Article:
March 2023 has been one of the most chaotic in history. No, I’m not talking about the markets or banks, I’m talking about the NCAA Men’s Basketball Tournament. For the first time ever, not a single No. 1 seeded team reached the Elite Eight. In fact, there aren’t any 2 or 3 seeds in the Final Four either. Needless to say, my bracket is a mess with an unprecedented number of upsets. But the biggest blow was my alma mater Creighton making it to the Elite Eight for the first time in its history, then losing in a last second nail biter to San Diego State. But after a tough loss, we’ll be back next year stronger and more resilient, kind of like the stock market after a downturn…

Whether we’re filling out brackets or choosing investments, we often choose what we believe will be the safer option. For example, during periods of market stress, volatility or uncertainty, there seems to be an increase in allocations to cash-like investments. But history has shown us that these times of turmoil may be some of the best times to be invested in the markets going forward. Let’s review the charts below, “Money Market Assets at a Historic Peak”:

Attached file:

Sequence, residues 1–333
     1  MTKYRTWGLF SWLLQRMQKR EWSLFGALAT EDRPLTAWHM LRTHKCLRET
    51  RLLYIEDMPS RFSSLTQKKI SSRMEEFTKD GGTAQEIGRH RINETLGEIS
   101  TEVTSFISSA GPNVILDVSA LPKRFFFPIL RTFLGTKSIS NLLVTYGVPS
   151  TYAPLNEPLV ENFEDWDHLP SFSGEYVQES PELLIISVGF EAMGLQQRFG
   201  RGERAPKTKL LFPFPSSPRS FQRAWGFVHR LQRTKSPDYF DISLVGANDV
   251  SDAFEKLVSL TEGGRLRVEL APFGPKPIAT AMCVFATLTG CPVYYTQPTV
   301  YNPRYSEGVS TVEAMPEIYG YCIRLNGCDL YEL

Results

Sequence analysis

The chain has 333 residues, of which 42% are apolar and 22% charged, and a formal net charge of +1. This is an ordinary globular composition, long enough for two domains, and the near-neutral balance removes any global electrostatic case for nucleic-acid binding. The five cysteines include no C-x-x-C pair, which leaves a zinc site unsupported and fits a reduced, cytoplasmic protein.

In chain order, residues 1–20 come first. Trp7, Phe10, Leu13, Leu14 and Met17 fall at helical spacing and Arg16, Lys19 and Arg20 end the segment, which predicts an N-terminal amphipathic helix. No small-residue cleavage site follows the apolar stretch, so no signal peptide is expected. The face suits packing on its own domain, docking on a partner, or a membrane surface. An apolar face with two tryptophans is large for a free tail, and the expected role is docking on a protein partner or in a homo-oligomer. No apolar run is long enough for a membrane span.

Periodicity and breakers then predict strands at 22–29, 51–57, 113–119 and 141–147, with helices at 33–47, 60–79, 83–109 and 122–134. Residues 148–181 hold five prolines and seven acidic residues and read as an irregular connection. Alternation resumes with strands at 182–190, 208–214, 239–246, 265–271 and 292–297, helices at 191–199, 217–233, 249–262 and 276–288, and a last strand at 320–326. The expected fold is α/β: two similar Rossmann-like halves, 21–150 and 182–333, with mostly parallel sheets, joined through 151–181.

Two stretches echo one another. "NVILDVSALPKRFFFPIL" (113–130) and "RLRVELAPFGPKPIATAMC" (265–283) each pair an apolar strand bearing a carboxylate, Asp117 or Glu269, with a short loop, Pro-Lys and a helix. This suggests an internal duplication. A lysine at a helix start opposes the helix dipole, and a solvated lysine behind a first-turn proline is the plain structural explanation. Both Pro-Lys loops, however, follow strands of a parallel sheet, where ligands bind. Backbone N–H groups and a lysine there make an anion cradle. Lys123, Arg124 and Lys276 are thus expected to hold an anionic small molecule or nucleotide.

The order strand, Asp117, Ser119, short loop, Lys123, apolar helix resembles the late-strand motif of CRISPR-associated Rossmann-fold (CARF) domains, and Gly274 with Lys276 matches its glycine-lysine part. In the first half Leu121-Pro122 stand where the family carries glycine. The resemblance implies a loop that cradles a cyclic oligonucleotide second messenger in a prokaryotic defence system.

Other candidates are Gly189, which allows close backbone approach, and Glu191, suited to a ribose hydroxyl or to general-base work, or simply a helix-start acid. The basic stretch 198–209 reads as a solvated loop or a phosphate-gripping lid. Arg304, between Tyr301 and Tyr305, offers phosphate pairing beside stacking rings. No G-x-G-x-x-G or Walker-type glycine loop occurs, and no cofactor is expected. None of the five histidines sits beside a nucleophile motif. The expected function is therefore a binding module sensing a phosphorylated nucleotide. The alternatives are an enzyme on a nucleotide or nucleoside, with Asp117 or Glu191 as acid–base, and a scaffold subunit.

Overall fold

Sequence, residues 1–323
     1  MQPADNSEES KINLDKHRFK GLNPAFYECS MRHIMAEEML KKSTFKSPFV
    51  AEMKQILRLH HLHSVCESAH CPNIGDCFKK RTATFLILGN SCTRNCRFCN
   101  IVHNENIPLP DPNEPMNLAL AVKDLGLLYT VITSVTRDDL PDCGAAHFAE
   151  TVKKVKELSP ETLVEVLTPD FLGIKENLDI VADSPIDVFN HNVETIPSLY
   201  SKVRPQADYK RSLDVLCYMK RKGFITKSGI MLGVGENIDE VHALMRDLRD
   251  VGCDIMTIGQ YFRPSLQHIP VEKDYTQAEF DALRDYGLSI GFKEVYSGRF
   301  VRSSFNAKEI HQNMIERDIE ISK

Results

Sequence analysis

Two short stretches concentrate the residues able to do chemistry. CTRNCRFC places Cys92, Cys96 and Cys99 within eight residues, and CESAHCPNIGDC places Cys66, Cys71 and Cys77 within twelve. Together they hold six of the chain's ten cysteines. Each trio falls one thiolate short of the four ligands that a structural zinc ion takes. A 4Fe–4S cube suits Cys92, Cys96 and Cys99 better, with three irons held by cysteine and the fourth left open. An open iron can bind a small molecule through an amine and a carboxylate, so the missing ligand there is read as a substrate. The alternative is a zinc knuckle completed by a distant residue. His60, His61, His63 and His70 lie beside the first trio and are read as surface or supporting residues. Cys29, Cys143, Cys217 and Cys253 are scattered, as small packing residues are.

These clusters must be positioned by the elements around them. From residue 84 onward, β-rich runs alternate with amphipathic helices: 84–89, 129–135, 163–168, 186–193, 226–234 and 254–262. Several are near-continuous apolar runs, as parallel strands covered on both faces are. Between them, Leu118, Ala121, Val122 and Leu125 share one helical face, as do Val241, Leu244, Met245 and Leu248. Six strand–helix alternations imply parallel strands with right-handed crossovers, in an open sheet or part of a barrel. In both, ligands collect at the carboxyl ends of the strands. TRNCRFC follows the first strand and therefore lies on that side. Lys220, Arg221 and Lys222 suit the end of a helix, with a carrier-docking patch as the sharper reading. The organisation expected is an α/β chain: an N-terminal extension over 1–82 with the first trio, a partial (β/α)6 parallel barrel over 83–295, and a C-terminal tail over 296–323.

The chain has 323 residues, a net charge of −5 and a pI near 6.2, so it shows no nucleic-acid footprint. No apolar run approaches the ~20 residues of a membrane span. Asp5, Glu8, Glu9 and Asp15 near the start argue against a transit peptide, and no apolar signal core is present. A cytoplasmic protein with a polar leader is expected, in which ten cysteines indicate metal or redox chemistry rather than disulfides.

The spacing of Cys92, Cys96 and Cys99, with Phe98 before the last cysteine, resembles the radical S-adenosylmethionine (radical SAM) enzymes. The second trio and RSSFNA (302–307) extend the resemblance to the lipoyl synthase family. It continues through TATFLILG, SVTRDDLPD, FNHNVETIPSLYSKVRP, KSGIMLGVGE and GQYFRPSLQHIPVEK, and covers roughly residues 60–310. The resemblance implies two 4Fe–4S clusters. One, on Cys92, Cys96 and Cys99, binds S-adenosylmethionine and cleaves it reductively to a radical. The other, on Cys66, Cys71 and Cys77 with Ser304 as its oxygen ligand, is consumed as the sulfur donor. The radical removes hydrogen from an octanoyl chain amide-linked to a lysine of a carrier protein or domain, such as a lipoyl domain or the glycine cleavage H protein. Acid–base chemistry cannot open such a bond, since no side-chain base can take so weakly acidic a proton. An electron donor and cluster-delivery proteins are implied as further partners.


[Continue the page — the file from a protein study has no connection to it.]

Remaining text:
1. Cash On the Sidelines Peak During a Crisis – There has been a surge in money market assets at each of the last three market dislocations: 1) the Tech Bubble in the early 2000’s 2) the Financial Crisis in 2008-’09 and 3) the COVID Crash in 2020. We may be amid another situation where money market assets are peaking in 2023.